Books in Brief: Jim Higgins’ War

May 20, 2022
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There are moments when books arrive far faster than the editor can find reviewers for them. As a result, The Volunteer has decided to inform its readers of these works and, in turn, portray the breadth and depth of new work in the ever-growing corpus about the Spanish Civil War and the people who fought in it. We offer these short reviews, more than announcement but not quite as in-depth as longer reviews, to acknowledge the on-going legacy of and interest in the Spanish Civil War.

—Joshua Goode, Book Review Editor

Jim Higgins (with Janette Higgins), Fighting for Democracy: The True Story of Jim Higgins (1907-1982). Victoria, B.C.: Friesen Press, 2020. 196pp.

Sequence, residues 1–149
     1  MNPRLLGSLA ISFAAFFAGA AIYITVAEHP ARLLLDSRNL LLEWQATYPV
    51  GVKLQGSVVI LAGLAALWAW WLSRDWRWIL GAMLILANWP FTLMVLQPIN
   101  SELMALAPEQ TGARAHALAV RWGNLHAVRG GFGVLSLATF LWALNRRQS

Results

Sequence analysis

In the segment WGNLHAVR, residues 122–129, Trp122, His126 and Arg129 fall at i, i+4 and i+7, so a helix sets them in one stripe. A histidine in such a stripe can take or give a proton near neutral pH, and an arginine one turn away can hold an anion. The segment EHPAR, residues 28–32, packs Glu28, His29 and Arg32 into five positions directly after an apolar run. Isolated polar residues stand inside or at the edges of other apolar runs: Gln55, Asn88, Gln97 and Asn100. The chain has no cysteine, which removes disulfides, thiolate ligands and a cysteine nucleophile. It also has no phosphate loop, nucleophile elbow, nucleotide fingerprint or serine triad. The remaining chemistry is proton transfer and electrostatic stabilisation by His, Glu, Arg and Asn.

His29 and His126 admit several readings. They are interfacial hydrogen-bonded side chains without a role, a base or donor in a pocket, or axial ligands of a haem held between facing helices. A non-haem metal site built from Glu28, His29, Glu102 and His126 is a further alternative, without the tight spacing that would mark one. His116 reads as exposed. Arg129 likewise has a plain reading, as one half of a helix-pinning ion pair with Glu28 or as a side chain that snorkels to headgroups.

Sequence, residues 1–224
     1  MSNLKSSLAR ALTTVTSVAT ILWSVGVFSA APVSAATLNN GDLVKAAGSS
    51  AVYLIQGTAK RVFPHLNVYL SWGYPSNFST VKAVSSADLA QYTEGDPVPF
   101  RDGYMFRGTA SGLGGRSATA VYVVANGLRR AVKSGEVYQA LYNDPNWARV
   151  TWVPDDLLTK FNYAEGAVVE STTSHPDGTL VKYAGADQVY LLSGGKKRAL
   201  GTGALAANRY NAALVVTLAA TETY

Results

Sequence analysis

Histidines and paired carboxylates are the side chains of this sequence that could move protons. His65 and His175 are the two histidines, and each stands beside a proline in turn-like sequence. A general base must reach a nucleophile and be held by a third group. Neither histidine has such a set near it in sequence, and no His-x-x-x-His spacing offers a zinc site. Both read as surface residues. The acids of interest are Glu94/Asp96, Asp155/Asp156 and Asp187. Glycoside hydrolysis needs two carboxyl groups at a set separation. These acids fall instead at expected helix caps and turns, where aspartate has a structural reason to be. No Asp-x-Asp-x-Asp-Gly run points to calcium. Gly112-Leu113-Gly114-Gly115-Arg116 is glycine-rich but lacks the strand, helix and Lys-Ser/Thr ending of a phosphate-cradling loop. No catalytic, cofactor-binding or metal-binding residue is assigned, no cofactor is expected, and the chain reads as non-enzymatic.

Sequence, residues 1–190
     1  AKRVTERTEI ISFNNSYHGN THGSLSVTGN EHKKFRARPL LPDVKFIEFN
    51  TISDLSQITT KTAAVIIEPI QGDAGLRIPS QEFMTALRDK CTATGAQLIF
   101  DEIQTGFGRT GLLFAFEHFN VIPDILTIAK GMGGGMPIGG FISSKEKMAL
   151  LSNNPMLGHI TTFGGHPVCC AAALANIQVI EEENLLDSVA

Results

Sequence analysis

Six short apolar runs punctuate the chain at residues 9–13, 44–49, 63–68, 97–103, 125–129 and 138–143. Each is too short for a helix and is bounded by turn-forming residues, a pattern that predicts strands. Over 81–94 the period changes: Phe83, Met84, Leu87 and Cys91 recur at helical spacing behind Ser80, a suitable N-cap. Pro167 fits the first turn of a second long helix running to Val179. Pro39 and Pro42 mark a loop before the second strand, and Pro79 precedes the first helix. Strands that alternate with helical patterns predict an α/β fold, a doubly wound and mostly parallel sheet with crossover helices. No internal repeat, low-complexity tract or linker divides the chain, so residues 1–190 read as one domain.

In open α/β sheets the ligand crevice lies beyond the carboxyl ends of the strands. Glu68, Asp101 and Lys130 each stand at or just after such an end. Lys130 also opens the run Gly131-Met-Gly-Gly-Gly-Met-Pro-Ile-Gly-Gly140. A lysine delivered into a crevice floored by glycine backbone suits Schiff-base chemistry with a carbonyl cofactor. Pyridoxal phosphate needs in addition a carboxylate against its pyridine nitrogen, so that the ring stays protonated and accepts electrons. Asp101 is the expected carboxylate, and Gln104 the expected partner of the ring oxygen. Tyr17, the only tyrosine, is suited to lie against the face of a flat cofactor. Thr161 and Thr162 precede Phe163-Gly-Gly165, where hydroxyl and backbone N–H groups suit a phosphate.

Is it promising, confusing or brave for a memoirist to open his work with him staring at a painting entitled Unknown, and commenting: “…I even saw something of myself in it?” Without giving much away, the anecdote, whether intentional or not, proves to be ironic. This memoir, written by Jim Higgins and compiled and edited by his daughter, stands out for how much it reveals not just about Higgins, a volunteer who fought in the Canadian Mackenzie-Papineau Battalion, but about the story of so many who volunteered to fight in Spain during the Civil War. Higgins began drafting his memoir at the behest of his children after he had already turned 70. Yet, the manuscript lay unpublished when he died in 1982. Janette Higgins, the author’s daughter, has carefully, transparently, and responsibly reassembled, edited and presented it as a testament to her father. The memoir provides a gripping version of a life deeply marked by the Depression, the turn that led to fighting in Spain, and then the post-Civil War experiences of family, politics, organizing, trauma and joy that defined Jim Higgins. In many ways, Higgins’s story is reminiscent of other volunteers’ experiences. But he had some fame in his later years, too. He was well-known in Canada from the story of saving the life of a nine-year Spanish boy whom he had pulled from the raging Ebro River during the 1938 battle. Higgins was famously reacquainted with that boy, Manuel Alvarez, now a middle-aged man in 1978, who had by chance become a resident and citizen of Canada. Alvarez’s own book about his life and his rediscovery of Higgins, The Tall Soldier, and the promotional tour brought Jim Higgins into the spotlight. Yet, most interesting is the fact that in Higgins’s telling, this act of heroism was just one small detail in a long list of wartime experiences. Overall, this juxtaposition of great and small is balanced with the overall poignancy of the story of the daughter’s devotion to reassemble her father’s life. In the end, it is the depth and range of this portrait of a man who, after the war, gardened, painted, worked in a factory, kept secrets, fought for worker’s rights and built a life for himself and his family that most mark this book.

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